WESTBROOK – Maxine Mooers, who has been unable to cook for herself since being hurt in a recent fall, was taken by surprise when she answered her door late Wednesday morning to see a man dressed as Santa Claus bringing her a delivery of warm meals for Christmas.

Mooers and her husband, Eddie, who live in a Spruce Street apartment in Portland’s West End, were two of 111 homebound seniors in Greater Portland who received meals on Christmas that were prepared and delivered by staff and volunteers of the Southern Maine Agency on Aging with help from members of the Portland Rotary Club.

“That was wonderful. Santa Claus, what a surprise,” said Maxine Mooers, 66, whose husband, 67, has a bad leg. “It means a lot. I’ve been lain up recently. I haven’t been able to cook or do housework.”

The man dressed as Santa Claus was Philip Rhinelander, who was going door-to-door in Portland as a volunteer delivering meals with Priscilla Platt and his two adult daughters, Julia and Sarah.

Platt said that she and Rhinelander have volunteered to deliver meals for many years and that his daughters have joined them several times.

As 60-year-old William Dagnese opened the door to his Summer Street apartment Wednesday, where he has lived alone for 20 years, Philip and Julia Rhinelander sang out a full rendition of “Jingle Bells” to him as they delivered his Christmas meal along with a hand-drawn Christmas card made by a local elementary school student.

“It makes my day,” said Dagnese, who took pictures of them with a camera hung around his neck.

Dagnese hoped to see his grandchildren later in the day Wednesday, but on most days, the volunteer who knocks on his door four times per week for Meals on Wheels is his only visitor.

Kate Putnam, director of development and marketing for the Southern Maine Agency on Aging, said the agency delivers far more meals on a typical day that it does on Christmas.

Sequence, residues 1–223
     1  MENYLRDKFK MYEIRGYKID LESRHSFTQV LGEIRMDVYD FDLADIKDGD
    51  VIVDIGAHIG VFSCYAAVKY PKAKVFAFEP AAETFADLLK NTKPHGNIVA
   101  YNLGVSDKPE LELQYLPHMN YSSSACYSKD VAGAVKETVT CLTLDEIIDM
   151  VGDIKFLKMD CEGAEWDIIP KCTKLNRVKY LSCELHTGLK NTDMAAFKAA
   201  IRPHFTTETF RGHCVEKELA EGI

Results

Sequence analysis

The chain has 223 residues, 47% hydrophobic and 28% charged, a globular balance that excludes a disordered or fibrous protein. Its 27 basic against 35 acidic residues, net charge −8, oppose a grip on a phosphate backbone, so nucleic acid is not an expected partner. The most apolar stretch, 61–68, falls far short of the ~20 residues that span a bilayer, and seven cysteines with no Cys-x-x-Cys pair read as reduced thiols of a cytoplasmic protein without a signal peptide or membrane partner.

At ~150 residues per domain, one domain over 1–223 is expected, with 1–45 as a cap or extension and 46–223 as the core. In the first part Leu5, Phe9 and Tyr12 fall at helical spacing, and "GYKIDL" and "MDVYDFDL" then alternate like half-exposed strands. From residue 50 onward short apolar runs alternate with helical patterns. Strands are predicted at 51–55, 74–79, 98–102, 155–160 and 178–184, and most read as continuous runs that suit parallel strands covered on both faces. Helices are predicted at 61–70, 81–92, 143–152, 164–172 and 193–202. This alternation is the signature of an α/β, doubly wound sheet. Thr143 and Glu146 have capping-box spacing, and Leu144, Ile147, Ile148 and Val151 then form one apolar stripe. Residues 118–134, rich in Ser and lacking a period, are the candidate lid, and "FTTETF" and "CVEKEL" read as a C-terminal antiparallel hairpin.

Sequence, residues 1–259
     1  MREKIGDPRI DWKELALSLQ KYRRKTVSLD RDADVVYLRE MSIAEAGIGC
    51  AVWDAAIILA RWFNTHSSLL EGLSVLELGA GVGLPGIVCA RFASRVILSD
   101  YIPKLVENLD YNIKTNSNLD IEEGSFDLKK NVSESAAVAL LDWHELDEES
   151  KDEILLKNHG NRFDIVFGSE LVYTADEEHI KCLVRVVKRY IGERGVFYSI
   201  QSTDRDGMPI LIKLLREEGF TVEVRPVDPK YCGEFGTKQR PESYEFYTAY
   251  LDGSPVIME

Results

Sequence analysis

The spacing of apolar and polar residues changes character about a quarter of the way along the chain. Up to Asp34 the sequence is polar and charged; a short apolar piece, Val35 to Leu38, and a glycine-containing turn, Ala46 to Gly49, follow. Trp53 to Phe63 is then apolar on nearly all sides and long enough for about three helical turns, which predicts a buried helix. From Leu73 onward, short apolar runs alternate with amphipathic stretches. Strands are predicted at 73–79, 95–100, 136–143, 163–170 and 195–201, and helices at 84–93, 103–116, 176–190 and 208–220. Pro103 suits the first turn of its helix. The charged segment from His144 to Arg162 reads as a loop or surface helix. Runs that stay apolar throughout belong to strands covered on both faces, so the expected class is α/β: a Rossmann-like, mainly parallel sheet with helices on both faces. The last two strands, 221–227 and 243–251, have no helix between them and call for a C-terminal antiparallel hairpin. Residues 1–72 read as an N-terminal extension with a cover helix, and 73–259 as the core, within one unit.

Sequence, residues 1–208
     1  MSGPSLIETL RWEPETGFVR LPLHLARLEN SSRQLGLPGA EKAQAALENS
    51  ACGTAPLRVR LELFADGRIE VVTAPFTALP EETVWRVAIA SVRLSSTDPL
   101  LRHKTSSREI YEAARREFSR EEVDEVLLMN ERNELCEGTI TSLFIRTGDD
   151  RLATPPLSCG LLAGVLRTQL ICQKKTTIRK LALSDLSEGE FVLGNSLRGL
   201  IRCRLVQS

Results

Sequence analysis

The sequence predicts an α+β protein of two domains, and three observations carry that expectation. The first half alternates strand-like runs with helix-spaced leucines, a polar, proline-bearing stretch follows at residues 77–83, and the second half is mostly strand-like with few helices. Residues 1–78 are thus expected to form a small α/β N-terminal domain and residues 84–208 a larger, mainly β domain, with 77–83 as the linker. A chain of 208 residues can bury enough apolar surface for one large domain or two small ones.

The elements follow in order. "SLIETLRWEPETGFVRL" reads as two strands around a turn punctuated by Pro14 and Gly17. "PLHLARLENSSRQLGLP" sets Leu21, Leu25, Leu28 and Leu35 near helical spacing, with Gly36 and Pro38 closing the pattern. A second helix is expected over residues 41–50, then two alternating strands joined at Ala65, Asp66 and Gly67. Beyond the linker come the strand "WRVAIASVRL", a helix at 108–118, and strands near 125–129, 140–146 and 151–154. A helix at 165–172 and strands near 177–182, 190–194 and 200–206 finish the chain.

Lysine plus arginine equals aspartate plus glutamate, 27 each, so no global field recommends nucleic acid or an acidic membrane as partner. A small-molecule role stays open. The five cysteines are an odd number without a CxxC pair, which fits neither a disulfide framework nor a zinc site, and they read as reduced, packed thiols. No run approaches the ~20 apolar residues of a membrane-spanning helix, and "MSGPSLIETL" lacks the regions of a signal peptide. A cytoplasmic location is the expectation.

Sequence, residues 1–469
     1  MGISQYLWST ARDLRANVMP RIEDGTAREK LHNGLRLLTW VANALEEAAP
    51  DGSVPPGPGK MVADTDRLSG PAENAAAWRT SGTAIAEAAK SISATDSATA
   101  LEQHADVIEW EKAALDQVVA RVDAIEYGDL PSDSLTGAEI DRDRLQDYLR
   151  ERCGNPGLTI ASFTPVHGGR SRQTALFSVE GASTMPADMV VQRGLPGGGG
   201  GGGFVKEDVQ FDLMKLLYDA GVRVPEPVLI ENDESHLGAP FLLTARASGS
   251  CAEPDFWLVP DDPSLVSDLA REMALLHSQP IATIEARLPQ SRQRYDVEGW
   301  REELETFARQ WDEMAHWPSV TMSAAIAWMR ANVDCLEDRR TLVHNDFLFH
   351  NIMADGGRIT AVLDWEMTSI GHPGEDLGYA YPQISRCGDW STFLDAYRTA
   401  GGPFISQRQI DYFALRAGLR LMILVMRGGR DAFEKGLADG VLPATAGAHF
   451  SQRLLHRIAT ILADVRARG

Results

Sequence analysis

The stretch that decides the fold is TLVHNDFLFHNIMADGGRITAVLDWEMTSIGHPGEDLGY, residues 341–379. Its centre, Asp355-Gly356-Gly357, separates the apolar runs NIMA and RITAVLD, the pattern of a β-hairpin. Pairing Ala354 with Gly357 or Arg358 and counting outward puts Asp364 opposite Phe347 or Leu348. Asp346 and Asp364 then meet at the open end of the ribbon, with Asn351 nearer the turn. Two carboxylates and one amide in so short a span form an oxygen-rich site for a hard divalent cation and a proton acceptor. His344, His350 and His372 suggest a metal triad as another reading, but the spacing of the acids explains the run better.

“Generally speaking, we deliver 800 meals per day in southern Maine,” Putnam said. “We have about 400 volunteers delivering meals each day.”

The Meals on Wheels program typically delivers meals every weekday except Wednesday. It delivers to anyone who signs up for help – no income eligibility required – though it recommends donations to keep the program going.

Southern Maine Agency on Aging prepared the meals and coordinated this Wednesday’s special deliveries for Greater Portland at the Westbrook Community Center kitchens. Putnam said her agency also coordinated in other locations in southern Maine to have about 90 more meals delivered outside the Portland area.

The volunteers are people like Jackie Harkins of Portland, who arrived early at the Westbrook Community Center to help package the meals prepared by Tom O’Connor, chief financial officer for Southern Maine Agency on Aging.

“I volunteer because I think what they do to supply meals to these shut-ins is a wonderful thing,” Harkins said. “Not just delivering the meals but the human contact on a day like today is important.”

Greg Shinberg of Freeport was volunteering with his girlfriend, Leah Cantor, for a second time.

“It’s a nice thing to do,” said Shinberg, a commercial developer with several projects in the works in Portland. “We’re only volunteering this one day. They have people who volunteer all year. It gives them Christmas off.”

Their efforts brightened the day of people like 80-year-old Oscar Yankowsky, who relies on family members to help take care of him at his Congress Street home.

“It means so much to me,” Yankowsky said, holding a hot meal that included sliced turkey ham with raisin sauce, mashed sweet potatoes and broccoli casserole.

He also got cold meals for later.

Scott Dolan can be reached at 791-6304 or at:

[email protected]

Twitter: @scottddolan

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